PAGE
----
A week or so ago the woman I knew as Donna Bruno died, not of any kind of disease or misadventure, but simply of old age. Born in the Twenties, she was much lived and much loved. It’s a little hard to tell how many descendants she had since she was married several times, took in kids, treated everyone as though she were their archetypal grandmother. At her wake it was said that her death represented the end of an era.
If someone came around hungry, she fed them. If they were tired, she found them a clean warm bed. If they needed a roof, they could stay. But no funny business or bad behavior. And you ate what you were served, which meant parts of animals one doesn’t often encounter any more (brains, kidney, tongue) and if the family hunters got something, they ate it. When the Big Flood swept through the rez in 1964, she headed right up to the school, knowing that the refugees would be sheltered there. By the time other people thought of it, she was already tying on an apron and firing up the coffee pot. Later she became an EMT.
Not that she was all grim and serious. On the contrary, she was a gleeful and optimistic bingo player and horserace bettor. I suspect that her pedigree is the usual reservation mozaic of Chippewa-Cree and French we call Metis, Blackfeet and several kinds of white. Well upholstered, she loved the quiet moments, too. Her grandkids said she started her day at 5:30AM with a cigarette and coffee while taking out her pincurls. After a heart attack her Red Pall Malls went out of the house and so did all other smokers. When anyone asked her how she was she’d say, “Pretty damn good for an old woman.” She was what you’d call a matriarch.
Last night I watched “Mrs. Dalloway,” the Virginia Wolff novel made into a movie for and partly by Vanessa Redgrave who more or less channels Virginia in her aesthetic/ascetic/near-neurosthenic persona. The whole day follows Mrs. D’s concern for clothes and flowers as she prepares for one of her famous parties, always thinking about her memories of girlhood -- and then there is a parallel story about the last day of a shell-shocked young WWI veteran. It is a reflection on the nature of vulnerability, how we handle it in society, what it means to the lives of the persons.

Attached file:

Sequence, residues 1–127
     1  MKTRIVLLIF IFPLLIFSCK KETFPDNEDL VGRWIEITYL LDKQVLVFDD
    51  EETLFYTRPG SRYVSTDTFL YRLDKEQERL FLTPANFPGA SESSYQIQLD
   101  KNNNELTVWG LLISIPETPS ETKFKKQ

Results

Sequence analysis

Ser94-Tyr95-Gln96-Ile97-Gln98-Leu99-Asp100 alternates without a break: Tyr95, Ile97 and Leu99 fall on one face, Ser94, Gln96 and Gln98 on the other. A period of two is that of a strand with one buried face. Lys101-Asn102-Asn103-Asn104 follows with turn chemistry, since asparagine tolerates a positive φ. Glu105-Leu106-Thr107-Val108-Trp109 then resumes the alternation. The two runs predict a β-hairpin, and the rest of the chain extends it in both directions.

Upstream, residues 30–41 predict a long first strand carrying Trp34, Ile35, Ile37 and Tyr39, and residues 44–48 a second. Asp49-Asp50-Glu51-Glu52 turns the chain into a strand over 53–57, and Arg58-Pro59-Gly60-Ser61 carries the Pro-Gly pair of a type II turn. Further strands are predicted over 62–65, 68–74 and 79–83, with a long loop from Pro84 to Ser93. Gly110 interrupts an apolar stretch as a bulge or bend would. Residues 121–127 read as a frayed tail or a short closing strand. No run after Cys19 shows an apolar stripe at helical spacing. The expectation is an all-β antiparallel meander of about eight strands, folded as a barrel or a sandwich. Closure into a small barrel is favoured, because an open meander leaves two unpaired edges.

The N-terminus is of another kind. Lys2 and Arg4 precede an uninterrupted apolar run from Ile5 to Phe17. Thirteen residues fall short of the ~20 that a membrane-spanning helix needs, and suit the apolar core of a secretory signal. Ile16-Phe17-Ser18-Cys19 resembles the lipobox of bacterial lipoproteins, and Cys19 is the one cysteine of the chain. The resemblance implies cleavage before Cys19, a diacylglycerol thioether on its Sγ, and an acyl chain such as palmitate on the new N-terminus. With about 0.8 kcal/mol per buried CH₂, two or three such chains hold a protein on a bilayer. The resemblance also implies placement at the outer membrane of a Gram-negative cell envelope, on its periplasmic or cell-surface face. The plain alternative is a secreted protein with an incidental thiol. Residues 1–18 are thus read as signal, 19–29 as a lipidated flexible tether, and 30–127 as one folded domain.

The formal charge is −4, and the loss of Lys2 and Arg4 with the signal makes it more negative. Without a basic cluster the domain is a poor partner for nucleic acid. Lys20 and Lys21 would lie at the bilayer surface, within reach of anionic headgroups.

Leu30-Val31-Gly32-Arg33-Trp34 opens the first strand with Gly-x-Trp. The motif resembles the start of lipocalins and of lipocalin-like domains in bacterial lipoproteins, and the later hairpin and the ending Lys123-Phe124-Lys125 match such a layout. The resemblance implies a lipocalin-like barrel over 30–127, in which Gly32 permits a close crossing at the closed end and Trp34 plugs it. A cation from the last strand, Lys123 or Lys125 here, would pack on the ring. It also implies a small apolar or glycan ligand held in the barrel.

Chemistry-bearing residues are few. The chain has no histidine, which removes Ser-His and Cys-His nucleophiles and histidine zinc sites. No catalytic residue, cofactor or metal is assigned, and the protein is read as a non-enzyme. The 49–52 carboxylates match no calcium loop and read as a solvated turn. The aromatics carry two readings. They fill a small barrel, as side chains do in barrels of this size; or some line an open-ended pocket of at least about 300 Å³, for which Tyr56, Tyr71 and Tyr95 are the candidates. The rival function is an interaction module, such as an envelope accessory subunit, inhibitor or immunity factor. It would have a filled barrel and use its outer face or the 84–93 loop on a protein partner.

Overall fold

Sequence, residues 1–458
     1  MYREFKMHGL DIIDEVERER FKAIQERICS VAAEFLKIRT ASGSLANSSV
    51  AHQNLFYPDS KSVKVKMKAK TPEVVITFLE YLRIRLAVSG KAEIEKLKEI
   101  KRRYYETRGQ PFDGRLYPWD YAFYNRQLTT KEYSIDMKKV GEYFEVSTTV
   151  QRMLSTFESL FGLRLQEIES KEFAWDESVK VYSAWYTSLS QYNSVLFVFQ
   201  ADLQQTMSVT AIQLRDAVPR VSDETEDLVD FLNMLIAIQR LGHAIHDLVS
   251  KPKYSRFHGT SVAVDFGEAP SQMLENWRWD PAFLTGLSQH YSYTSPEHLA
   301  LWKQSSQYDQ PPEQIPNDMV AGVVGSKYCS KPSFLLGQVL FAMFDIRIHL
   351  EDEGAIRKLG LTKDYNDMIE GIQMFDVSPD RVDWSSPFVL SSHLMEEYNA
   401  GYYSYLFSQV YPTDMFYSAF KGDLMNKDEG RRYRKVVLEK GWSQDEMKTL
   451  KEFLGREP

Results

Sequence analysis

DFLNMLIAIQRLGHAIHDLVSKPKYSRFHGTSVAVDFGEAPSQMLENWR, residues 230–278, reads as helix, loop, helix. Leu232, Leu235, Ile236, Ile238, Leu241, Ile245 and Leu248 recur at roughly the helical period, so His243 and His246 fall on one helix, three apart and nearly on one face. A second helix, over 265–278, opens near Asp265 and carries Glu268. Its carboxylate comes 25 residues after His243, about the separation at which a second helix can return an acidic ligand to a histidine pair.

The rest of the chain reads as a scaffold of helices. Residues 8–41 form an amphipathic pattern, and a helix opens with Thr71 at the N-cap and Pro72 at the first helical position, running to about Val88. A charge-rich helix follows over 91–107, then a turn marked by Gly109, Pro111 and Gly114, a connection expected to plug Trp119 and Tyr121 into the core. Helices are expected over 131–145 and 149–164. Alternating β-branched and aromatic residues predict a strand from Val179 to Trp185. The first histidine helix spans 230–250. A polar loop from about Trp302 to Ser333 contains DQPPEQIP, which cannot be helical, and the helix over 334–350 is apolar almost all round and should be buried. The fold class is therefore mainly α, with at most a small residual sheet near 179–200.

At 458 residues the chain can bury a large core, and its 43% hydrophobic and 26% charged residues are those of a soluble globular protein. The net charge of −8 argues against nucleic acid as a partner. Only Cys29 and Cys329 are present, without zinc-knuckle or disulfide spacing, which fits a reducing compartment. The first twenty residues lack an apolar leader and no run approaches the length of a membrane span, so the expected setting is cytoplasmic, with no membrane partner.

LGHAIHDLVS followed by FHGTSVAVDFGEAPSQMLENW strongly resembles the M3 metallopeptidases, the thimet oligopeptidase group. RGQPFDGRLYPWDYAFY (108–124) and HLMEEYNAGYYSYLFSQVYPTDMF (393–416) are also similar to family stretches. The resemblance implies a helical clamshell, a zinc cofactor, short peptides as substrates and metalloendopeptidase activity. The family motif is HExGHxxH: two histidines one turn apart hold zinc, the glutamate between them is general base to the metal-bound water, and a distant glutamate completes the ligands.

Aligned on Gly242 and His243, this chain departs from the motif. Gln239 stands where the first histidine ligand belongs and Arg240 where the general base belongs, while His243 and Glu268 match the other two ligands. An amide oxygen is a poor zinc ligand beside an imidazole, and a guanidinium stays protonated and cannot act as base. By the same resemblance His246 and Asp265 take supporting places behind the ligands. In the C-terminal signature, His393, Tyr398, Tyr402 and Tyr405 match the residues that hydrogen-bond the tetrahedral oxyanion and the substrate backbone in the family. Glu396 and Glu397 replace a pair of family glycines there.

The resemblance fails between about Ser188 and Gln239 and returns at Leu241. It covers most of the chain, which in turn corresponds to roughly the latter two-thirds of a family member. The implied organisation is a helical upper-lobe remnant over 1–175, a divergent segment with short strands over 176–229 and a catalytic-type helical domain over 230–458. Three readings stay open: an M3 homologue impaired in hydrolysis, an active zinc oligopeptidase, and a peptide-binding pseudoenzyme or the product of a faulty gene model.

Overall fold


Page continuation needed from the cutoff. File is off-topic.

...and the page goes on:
Mrs. D. has always been a vital, keyed-up, elegant person who attracts admirers. The partner she chose was one who could provide money, protection, and status -- all knitted together into her parties. The choices she COULD have made were another woman (who eventually married, had five whomping sons, and got fat) and a man much like herself, full of insecurity and seeking. I suspect it was really about Virginia herself trying to justify her own life, with the parties as symbolic of her books. The reassurance is that her parties make a major contribution to political networking and social knitting. Still, she and the male lover of her girlhood have simply not grown-up. They need someone to parent them as they go on through life and though they cannot do that for each other, they can’t give up loving each other either. Mr. D. simply tolerates it, as a good father probably ought to, but it hurts him a little.
Contrast this with the life of Donna Bruno, who put hard work into taking care of others which was returned to her in old age by the many people who still came around to the Senior Citizen Center to see her. She was a grownup who parented others all her life.
And then contrast both female lives with the young veteran in the movie, so timely a character he is again after all the intervening years. His determined little milliner wife is helpless before the authoritarian Papas (doctors) who insist he must be captured and made to understand that he should relax, while at the same time driving him to suicide. He doesn’t trust them, can’t let them take care of him. It’s clear that these authorities (a female meddler included) cannot earn his trust. They are treacherous, wanting to forcibly deport all veterans who cannot “adjust” to Canada, with the excuse that “all that exercise and clean air” would be good for them. And of course, the government would appreciate not having to pay for these weaklings anymore.
Some things don’t change. Except nowadays Mrs. Dalloway would probably be fed a steady stream of tranquillizers and her unsteady but equally upper-class intimate might spend his life in therapy. We do seem to be making teeny strides with PTSS, turning now to a set of theories about brain function and away -- for the most part -- from that old idea that it’s simply a weakness of character not to pull up your socks and forget about all the people blown up in your face, dear though they might have been.
This movie is wonderful to watch, like all those evocations of past upper-class British life. When I was costumer at Eagles Mere, I handled a lot of those exquisite beaded chiffon dresses of the period because they’d been donated by people who hoped they’d be treasured. They were beginning to rot and shed beads. I suppose there’s symbolism in that and in Mrs. D. in the movie, who is sewing beads back on. Something about preserving the old elegance as long as possible.
And there’s a kind of elegance in Donna Bruno, too. A kind of world view of order and sustenance that seems to be changing. How many people in the larger scheme of things really recognized it? Who are the elegant among us now? Who could we do a better job of “parenting?”